Although body counting in New Orleans and other hurricane-ravaged areas in the United States will not be completed in weeks, the city's mayor warned Monday that the killer storm may have claimed some 10,000 lives.
A week after the hurricane, New Orleans Mayor Ray Nagin warned on NBC's "Today" that "it wouldn't be unreasonable" that the death toll could be as high as 10,000.
Meanwhile, he said "great progress" has been made in the federal and local relief efforts and the momentum has picked up.
"I'm starting to see some critical tasks being completed," he said.
Federal officials had earlier predicted that the death toll might skyrocket.
"I think it is evident it's in the thousands," US Health and Human Service Secretary Michael Leavitt said Sunday.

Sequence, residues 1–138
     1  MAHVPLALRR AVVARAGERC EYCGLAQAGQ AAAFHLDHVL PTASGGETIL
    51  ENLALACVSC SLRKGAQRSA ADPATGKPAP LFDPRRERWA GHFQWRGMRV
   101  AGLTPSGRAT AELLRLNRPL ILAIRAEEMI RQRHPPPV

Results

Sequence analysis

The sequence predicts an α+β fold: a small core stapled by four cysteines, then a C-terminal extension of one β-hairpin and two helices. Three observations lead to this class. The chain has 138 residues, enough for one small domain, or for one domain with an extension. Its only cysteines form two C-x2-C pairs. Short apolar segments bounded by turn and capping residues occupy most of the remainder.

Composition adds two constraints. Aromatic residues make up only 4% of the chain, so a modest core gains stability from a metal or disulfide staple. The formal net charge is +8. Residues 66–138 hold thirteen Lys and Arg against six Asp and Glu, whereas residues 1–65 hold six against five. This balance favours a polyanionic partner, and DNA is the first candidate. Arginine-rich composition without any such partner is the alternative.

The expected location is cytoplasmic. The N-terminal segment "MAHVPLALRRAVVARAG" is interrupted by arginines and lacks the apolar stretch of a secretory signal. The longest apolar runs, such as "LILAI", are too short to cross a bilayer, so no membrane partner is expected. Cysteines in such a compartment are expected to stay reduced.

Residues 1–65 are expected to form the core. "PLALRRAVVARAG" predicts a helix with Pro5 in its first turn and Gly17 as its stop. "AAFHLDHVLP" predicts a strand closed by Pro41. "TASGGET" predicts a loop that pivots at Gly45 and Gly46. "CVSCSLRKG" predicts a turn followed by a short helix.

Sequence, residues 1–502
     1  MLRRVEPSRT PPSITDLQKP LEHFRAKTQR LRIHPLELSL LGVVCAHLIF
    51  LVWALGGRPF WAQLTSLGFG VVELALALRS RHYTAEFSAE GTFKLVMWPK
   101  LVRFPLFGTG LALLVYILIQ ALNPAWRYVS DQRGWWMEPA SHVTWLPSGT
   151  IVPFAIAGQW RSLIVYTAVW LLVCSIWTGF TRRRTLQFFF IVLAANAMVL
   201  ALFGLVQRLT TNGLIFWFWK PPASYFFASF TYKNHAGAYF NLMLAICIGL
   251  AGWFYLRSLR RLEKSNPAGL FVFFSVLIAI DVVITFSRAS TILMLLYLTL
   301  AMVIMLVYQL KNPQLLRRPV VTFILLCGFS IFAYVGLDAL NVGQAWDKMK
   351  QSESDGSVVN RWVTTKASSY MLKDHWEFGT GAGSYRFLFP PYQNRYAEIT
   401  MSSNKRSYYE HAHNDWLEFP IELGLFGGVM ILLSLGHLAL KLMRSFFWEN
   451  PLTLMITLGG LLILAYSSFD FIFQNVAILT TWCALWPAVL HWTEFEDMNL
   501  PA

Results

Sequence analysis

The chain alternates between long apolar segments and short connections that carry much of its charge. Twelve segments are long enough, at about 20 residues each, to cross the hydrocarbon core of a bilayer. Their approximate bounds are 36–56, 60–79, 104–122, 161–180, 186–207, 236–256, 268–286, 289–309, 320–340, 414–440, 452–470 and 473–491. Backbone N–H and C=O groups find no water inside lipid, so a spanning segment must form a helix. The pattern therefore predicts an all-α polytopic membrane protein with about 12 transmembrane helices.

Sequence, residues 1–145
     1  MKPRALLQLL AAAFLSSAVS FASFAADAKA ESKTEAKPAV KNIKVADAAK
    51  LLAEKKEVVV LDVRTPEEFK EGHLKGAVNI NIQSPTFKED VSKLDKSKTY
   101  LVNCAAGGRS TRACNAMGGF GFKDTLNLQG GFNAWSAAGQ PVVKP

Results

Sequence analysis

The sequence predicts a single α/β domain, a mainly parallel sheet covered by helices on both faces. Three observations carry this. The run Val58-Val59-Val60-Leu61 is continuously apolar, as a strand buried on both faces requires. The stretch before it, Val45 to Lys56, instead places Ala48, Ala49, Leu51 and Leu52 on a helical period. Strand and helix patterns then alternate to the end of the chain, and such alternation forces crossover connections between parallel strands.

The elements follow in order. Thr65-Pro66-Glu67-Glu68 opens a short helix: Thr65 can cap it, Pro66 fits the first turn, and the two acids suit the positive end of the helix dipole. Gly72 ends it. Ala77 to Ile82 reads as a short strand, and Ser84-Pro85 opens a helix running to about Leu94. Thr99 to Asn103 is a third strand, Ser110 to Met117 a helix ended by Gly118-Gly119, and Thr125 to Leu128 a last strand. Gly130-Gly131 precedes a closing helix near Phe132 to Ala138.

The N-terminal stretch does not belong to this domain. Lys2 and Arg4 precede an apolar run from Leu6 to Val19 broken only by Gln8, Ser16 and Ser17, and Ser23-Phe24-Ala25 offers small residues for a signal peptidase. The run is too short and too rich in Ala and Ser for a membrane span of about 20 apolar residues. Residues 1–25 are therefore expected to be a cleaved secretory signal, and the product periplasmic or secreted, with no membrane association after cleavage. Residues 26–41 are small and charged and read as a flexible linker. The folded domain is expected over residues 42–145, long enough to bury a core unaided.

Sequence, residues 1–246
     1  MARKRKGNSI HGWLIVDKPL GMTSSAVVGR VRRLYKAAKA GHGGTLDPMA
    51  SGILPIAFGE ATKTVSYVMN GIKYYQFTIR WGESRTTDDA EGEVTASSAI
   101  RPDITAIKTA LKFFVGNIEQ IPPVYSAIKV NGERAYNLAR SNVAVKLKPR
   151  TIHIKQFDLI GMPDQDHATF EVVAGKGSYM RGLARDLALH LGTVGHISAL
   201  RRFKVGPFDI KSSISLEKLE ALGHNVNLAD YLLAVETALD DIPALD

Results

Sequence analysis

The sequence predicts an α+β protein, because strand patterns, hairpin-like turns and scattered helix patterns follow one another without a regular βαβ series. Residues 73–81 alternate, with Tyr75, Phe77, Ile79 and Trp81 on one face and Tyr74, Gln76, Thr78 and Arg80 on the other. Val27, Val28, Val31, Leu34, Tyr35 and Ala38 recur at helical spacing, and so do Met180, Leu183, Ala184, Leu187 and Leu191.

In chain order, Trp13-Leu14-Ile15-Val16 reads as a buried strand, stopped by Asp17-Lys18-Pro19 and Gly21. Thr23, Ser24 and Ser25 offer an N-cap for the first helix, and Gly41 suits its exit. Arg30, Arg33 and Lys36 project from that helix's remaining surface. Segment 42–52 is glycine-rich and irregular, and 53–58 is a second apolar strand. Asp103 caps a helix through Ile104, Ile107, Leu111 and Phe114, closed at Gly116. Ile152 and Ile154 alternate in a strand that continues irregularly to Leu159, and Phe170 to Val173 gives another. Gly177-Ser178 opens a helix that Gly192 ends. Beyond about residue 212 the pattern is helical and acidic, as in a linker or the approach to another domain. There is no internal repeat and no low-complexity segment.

In the first official count in New Orleans, Louisiana, authorities have verified 59 deaths.
Adding to the misery of the devastated city, some 400 to 500 local policemen from New Orleans' 1,600-strong police force were unaccounted for.
Meanwhile, long lines of vehicles crawled into Jefferson Parish west of the city early Monday as residents were allowed to return to salvage what was left of their homes.
Traffic began moving into the parish about 6 am and a curfew was set for 6 pm. Residents were allowed to stay there until Wednesday.
In a related development, US President George W. Bush on Monday began his second trip to the region since the storm hit, landing in Baton Rouge, Louisiana, late in the morning to start another inspection tour and consultations with federal and local officials.
"All levels of the government are doing the best they can," Bush said upon his arrival, promising that "so long as any life is in danger, we've got work to do."
He praised the volunteers and churches who have been working to take care of storm refugees, saying "the response of the country has been amazing."